Westcott is known for their amazing lighting products. Not only do they have great lighting modifiers and lights, but they are also constantly coming up with new technologies and products that make life as a photographer easier. Their new line of flex lights promises to do just that, but how do they perform in the real world?
The key feature to this light is the ability to bend and mold it to whatever shape you want. This is done by a type of flexible guide wire that’s around the edges of the light that you can bend to fit your desired application. The only limiting factor with this is that you cannot create a hard crease. I’m assuming over time a hard crease would cause some internal wiring to fail, kind of like when you bend a paperclip so much that it breaks.
On the front and back of the light there are Velcro strips. Not only does this allow you to stick the light to itself like in the image above, but it also allows you to stick the light to whatever else you want. These Velcro strips are also what is used to attach the light to the various holders and modifiers that Westcott made specifically for this light. In addition, you could also use some Velcro tape to place this light anywhere you could think of.
In order to control the light, a cable runs from the light to a digital dimmer, then another cable runs from the dimmer to either a battery pack or a power cord that you plug into the wall. The light itself is waterproof and can be left out in the rain, but the dimmer and battery are not waterproof. To solve this problem there is a super long cable that can be used to connect the light to the dimmer instead of using the standard length cable. This allows you to place the light where you need, but keep the dimmer and battery in a safer location. The dimmer is how you turn the light on and off, control the power output (0-100%), and control the color temp (2,800-6,000K).
The biggest issue I have with the entire setup is with the digital dimmer. It works great, but I just don't understand why they made it so large? With the light being super thin and able to fit almost anywhere in a camera bag, it would have been nice to have the switch follow along and be able to be placed in a small pocket. But it’s just too large to go anywhere but the main compartment of a bag unless you want to dedicate an entire pocket to just the dimmer. The battery pack is a little bulky, weighing in at just under three pounds, but gets you just over two and half hours of full power output. I feel like a lot time went into getting the light and battery to be small and compact and then the dimmer was left out.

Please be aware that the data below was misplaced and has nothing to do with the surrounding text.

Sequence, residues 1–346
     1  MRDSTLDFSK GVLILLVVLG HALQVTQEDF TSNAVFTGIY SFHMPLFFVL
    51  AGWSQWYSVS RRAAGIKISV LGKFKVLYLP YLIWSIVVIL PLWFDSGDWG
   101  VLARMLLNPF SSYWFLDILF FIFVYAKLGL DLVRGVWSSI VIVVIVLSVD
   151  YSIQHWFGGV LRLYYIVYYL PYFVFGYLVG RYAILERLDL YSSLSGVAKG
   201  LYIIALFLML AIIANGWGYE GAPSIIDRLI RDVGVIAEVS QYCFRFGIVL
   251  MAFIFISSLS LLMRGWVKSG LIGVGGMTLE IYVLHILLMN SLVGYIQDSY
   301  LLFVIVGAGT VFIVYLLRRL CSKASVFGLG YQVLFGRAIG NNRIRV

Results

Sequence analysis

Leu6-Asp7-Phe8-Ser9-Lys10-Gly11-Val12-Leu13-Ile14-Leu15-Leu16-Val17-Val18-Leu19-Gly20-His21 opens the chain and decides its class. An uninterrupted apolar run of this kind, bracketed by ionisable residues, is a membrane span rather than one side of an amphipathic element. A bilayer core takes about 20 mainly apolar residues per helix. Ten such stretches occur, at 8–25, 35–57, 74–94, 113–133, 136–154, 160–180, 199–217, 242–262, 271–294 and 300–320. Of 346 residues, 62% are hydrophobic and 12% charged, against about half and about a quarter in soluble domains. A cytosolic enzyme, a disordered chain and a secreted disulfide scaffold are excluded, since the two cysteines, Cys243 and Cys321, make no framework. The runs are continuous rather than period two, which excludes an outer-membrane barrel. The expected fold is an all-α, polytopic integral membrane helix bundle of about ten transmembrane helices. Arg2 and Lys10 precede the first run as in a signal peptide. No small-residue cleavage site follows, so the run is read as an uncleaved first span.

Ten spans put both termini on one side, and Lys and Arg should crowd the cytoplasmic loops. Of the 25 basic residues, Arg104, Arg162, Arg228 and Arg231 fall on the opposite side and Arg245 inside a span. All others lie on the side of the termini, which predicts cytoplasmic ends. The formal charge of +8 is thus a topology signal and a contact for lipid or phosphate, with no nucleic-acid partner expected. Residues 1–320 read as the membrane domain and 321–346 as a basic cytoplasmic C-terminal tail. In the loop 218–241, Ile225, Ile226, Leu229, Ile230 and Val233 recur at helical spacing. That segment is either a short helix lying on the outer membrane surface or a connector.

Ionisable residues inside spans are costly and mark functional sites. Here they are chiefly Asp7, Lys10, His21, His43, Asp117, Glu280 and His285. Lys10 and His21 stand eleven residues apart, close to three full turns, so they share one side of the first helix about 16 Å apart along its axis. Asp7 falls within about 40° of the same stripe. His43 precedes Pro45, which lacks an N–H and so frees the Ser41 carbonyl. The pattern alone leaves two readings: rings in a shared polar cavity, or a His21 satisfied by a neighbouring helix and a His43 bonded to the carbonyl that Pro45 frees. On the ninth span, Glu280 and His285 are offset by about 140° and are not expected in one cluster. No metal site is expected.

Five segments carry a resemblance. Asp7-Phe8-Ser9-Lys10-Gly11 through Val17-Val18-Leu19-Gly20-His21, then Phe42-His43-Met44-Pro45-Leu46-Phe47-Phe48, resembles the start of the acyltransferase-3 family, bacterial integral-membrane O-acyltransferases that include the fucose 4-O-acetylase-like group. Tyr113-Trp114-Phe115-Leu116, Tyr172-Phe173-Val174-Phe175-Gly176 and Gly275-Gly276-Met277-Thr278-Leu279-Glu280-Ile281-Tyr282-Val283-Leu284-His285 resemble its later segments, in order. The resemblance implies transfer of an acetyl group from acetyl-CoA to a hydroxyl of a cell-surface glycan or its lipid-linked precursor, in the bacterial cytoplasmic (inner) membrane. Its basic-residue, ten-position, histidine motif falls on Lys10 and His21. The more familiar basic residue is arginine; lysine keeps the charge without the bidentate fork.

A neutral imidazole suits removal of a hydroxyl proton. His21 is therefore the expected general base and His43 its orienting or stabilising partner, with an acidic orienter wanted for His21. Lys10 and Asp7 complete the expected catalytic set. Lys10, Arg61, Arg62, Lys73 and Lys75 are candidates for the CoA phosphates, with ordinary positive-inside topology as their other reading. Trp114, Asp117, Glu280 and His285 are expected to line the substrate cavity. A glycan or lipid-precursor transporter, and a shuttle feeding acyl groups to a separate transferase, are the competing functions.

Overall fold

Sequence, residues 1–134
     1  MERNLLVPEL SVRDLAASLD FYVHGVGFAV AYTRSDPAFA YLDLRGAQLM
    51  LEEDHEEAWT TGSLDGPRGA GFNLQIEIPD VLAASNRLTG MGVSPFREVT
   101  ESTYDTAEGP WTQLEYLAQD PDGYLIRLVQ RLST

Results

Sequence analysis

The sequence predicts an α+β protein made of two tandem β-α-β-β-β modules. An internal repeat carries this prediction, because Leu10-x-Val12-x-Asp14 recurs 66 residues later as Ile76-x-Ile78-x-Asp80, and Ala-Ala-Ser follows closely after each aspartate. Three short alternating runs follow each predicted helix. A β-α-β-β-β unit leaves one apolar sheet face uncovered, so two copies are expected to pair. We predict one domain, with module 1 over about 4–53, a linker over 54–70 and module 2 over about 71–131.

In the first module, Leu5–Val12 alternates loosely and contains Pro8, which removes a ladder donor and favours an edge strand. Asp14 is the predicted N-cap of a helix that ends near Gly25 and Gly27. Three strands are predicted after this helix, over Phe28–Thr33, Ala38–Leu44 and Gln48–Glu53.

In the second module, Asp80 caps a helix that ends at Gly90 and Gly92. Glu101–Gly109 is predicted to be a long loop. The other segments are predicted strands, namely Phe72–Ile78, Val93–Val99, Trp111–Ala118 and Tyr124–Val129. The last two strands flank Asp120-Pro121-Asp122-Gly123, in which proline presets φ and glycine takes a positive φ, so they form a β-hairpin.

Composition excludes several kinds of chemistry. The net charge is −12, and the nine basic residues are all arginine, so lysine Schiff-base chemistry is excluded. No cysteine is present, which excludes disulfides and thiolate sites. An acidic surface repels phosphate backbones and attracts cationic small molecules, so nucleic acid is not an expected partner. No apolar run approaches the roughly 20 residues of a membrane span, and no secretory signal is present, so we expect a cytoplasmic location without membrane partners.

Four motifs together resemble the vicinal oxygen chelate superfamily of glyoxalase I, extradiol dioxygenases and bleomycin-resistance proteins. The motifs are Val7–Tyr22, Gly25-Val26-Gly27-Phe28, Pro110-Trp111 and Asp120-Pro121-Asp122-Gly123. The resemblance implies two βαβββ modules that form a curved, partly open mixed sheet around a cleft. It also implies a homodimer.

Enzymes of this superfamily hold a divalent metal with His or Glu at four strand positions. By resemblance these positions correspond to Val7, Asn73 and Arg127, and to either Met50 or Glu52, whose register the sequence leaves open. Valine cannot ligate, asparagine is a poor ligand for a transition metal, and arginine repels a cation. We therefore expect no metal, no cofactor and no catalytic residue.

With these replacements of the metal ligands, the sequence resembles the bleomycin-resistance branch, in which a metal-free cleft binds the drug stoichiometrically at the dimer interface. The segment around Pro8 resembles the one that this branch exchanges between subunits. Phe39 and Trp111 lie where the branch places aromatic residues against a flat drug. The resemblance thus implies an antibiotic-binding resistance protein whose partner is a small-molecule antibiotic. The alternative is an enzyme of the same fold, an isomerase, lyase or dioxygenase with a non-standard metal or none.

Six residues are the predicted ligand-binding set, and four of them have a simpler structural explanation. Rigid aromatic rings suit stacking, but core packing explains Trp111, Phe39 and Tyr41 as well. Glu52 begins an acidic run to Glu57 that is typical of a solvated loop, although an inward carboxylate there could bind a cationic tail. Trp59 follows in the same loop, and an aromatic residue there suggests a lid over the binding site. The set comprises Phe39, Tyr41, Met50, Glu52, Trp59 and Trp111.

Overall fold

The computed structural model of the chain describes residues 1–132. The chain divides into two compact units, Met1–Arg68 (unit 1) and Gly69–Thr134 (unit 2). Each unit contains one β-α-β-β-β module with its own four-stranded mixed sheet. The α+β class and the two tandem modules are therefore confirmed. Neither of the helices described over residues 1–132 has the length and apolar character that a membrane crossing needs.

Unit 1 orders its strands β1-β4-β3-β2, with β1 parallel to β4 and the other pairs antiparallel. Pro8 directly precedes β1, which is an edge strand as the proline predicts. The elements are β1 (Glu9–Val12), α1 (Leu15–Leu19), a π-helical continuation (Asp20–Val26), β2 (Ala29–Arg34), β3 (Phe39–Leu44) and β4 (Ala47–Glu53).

When I first got this light and turned it on, it powered up at 1%. I slowly started spinning the dial to increase the power and was quickly surprised by how bright this little thing was. By the time I got to 100%, it was hard to look directly at the light for too long. In order to test this at an extreme, I set the the light to 100% and held the light just out of frame while I took a quick self portrait in a mirror. At full power, I was able to get my camera set to ISO 200, f2, and 1/4700th of a second. I realize this is an extreme case since the light is basically as close as I can get it, but it’s still pretty dang impressive.
Where this light really shines is when you take it out on location. Because of how lightweight the light is in combination with the way it can bend and flex, I didn't even need a light stand most of the time. I just bent an edge to create a type of lip and hung it from tree limbs, rails, or balconies.
Even at this distance, I only needed the light set to 20% to achieve ISO 3200, f1.4, and 1/100th of second. I could have easily achieved a lower ISO by turning up the power, but I was using some of the ambient light to create some foreground interest.
Taking the light inside and just letting it balance on the back of a chair, you could easily bounce the light off of a wall for a softer look or fill a small room with light. But with such a messy hotel room, I decided to make the wall go to white and get a nice silhouette. ISO 200, f2, 1/250th of a second and the light is still just at 20% power.
What I Like
Portability - This light can easily fit into almost any bag by being placed between existing items or laying flat in places that don't normally hold any gear. The digital dimmer and battery pack can take up some room, but for the same space required to hold a lens, you can fit both items along with the needed cables.
Power output - As seen in the above examples, this light has enough output to provide enough light for most applications. There are also larger models if you need a bit more output.
Flexibility - Being able to mold and shape this light to your hearts content is a huge benefit. Not only does this cut down on what you need to carry by making it possible to not need a light stand, but it also has the added benefit of fitting into locations that would otherwise be impossible to place a light.
What I Don't Like
Price - This is the first time mentioning the actual price in this review, but it is a little on the high end. Coming in at $850 for the Bi-color model and $650 for the daylight version. Throw in another $300 for the battery and you are looking at a decent chunk of change.
Digital dimmer - Like I mentioned above, you can fit the dimmer and battery into the same space that would normally hold a lens, so it's not a huge deal breaker. But it is still somewhat annoying given how small and portable everything else in the kit is.
The Flex lights biggest downfall is the price tag. But I believe what the light has to offer, makes the price something that I can live with. Especially given that other high end bi-color lights are within the same price range, but don't offer some of the key features found on this light. The ability to use the light in otherwise impossible locations is something that I am really looking forward to going forward.